Indian trader group objects to Walmart-Flipkart deal

The Confederation of All India Traders filed an objection to Walmart’s buyout of roughly 77 percent of Bengaluru-based Flipkart. (Reuters)
Updated 29 May 2018

Indian trader group objects to Walmart-Flipkart deal

MUMBAI: An Indian trader body has raised objections to Walmart’s $16 billion acquisition of e-commerce firm Flipkart, though lawyers and sources said the complaint to the country’s antitrust regulator is unlikely to threaten the deal.
The Confederation of All India Traders (CAIT) filed an objection to the US retail giant’s buyout of roughly 77 percent of Bengaluru-based Flipkart, the body said on Monday, adding that the deal would create unfair competition and result in predatory pricing.
However, multiple sources close to the deal said that CAIT’s filing with the Competition Commission of India (CCI) did not pose a challenge to the acquisition.
“It’s very unlikely the CCI will look into this complaint as both Flipkart and Walmart are not competing in India in relation to any products or services,” said a lawyer with knowledge of the deal.
A source with direct knowledge of the deal said the CAIT complaint was “not a matter of concern”.
Walmart’s bid is at aimed at competing with arch rival Inc in a major growth market and prompted protests from Indian trade and nationalist groups that say small traders will suffer.
Amazon’s presence in India means that a Walmart-Flipkart alliance would not be a threat to competition, a CCI official said. However, the deal could be politically sensitive because it might affect small and medium-sized traders, added the official, who declined to be named because he is not authorized to speak to the media.
M. M. Sharma, head of competition law and policy at law firm Vaish Associates, said: “Blocking (of the deal) is highly unlikely, but the CCI will keep checks and balances so that competition in the market is maintained.”

Japan to issue 2.2tn yen bonds to offset trade war’s hit on tax revenues

Updated 22 min 19 sec ago

Japan to issue 2.2tn yen bonds to offset trade war’s hit on tax revenues

  • Cabinet OKs budget with 4.5 trillion yen in additional outlay

TOKYO: Japan’s government will issue an additional 2.2 trillion yen ($20.25 billion) of deficit-financing bonds to make up for a tax revenue shortfall, Finance Minister Taro Aso said, after the cabinet approved on Friday an extra budget for the fiscal year ending March 2020.

The extra budget will be compiled along with an annual budget for the year starting in April 2020 and sent to parliament for approval early next year.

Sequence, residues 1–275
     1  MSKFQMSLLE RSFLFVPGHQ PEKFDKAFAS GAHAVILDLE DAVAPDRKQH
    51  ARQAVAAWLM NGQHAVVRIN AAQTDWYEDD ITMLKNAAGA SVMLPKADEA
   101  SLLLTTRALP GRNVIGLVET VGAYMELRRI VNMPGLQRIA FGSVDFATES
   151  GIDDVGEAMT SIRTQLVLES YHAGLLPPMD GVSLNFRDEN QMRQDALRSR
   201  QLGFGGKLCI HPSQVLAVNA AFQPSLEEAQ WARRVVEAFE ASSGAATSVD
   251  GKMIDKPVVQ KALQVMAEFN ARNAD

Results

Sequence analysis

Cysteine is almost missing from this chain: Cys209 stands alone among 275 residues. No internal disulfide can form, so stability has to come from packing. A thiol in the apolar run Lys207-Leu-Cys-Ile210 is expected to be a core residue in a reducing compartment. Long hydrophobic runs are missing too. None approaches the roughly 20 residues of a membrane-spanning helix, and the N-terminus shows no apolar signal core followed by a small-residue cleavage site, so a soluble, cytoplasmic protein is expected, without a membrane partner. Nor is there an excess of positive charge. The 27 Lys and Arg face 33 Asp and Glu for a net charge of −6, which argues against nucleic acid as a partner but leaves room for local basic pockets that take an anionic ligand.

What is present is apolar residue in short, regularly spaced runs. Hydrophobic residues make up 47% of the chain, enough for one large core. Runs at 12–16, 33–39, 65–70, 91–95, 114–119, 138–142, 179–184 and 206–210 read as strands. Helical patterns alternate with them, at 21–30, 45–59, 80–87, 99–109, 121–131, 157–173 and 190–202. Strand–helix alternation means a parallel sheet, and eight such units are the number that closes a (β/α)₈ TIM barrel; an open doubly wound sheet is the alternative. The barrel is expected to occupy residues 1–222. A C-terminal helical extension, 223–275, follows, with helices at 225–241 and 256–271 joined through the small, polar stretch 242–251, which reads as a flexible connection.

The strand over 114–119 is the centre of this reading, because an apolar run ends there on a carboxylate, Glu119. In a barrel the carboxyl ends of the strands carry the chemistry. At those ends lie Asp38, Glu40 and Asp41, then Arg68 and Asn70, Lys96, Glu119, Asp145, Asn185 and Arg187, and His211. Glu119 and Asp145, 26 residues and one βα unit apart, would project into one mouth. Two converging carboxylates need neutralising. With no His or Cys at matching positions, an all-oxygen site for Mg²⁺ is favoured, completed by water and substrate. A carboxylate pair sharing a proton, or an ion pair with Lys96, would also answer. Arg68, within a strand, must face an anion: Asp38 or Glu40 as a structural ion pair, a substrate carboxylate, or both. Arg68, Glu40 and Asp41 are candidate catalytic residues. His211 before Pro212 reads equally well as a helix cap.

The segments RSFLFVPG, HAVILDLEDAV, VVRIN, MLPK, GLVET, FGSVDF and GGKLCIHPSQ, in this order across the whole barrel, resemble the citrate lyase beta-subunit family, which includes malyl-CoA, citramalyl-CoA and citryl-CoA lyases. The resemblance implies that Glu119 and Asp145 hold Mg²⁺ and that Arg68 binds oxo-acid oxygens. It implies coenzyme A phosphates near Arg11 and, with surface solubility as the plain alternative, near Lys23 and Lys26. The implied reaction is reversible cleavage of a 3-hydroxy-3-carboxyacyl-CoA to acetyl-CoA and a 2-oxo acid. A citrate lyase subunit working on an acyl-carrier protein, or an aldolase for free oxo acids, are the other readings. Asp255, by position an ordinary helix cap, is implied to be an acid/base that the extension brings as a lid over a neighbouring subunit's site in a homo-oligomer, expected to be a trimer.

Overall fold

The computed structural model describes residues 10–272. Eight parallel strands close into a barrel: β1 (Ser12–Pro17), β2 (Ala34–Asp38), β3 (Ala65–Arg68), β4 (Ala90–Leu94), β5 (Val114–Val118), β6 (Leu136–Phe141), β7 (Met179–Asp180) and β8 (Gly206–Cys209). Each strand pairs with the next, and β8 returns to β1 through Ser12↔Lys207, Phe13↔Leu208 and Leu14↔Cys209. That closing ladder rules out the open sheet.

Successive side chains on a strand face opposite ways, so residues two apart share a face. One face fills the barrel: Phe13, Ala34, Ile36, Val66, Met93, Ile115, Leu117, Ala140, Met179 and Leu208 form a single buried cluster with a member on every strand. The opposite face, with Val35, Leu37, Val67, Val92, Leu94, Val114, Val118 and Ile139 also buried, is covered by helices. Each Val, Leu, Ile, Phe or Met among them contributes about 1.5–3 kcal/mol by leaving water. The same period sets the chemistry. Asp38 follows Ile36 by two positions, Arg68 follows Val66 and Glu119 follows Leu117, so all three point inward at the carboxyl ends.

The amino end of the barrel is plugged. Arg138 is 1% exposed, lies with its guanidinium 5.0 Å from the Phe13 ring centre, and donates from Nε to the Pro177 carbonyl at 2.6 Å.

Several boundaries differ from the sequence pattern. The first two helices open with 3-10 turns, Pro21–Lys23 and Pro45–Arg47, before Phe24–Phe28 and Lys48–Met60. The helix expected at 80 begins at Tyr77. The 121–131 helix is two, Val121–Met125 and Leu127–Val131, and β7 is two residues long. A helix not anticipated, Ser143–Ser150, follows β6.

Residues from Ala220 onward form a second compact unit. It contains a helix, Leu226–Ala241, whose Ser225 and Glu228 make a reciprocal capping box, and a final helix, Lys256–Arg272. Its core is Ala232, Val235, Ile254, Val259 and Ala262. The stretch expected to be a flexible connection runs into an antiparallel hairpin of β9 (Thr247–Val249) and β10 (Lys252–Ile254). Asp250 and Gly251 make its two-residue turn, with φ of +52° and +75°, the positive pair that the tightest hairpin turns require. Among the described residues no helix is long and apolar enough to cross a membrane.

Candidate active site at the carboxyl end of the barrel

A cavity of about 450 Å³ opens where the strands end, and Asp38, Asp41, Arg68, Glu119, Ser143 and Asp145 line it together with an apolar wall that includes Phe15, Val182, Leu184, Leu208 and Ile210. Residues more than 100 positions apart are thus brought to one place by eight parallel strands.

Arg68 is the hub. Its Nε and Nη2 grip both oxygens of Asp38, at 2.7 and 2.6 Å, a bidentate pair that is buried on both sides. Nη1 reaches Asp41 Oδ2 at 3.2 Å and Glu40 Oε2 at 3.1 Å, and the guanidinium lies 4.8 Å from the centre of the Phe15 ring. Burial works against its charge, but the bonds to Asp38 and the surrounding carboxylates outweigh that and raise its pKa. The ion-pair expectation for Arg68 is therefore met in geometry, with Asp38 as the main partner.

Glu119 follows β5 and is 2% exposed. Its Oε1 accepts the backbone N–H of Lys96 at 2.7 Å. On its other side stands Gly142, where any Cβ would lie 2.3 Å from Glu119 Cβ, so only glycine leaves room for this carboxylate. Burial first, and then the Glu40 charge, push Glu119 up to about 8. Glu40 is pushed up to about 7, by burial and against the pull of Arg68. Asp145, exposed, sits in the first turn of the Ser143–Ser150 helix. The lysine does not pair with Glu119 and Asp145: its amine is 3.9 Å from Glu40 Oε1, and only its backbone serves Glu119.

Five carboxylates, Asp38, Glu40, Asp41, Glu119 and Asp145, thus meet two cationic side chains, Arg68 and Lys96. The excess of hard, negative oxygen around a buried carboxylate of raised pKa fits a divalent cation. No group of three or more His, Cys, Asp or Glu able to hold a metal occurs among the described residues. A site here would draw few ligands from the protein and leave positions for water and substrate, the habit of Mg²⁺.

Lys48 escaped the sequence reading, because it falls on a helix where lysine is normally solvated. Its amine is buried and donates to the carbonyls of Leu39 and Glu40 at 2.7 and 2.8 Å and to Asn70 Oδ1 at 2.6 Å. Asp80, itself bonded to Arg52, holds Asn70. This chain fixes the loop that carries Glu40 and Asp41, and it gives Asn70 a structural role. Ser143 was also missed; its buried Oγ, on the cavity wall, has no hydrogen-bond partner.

It is the first time that the government has resorted to issuing extra deficit financing bonds since 2016, and shows how Prime Minister Shinzo Abe is struggling to balance the budget, a target he has already pushed back by five years to March 2026.

The government’s difficulties raising revenue and trimming debt issuance will further cloud the outlook for the “Abenomics” stimulus policy mix of bold monetary easing, flexible spending and structural reform.

Finance ministry officials said the government will slash the tax income estimate for the current fiscal year by 2.3 trillion yen from its initial target of 62.5 trillion yen as a slump in exports amid the Sino-US trade war has hit revenues.

Aside from the 2.2 trillion yen of additional deficit-covering bonds, the government will also issue additional construction bonds worth about 2.2 trillion yen to finance infrastructure spending.

The extra budget features additional fiscal spending worth about 4.5 trillion yen, the bulk of which will be spent, along with next fiscal year’s annual budget, to fund the stimulus spending of 13.2 trillion yen the cabinet adopted last week, the officials said.

The spending package was aimed at funding disaster recovery, countering downside economic risks and sustaining a fragile economy beyond the 2020 Tokyo Olympics.

In addition, the government will tap some additional 1.5 trillion yen from its fiscal investment and loan program, taking advantage of low borrowing costs under the Bank of Japan’s negative interest rate policy.

The amount of extra budget spending was much smaller than the 10 trillion yen that was first floated by ruling party lawmakers last month, highlighting limited fiscal space left for policymakers.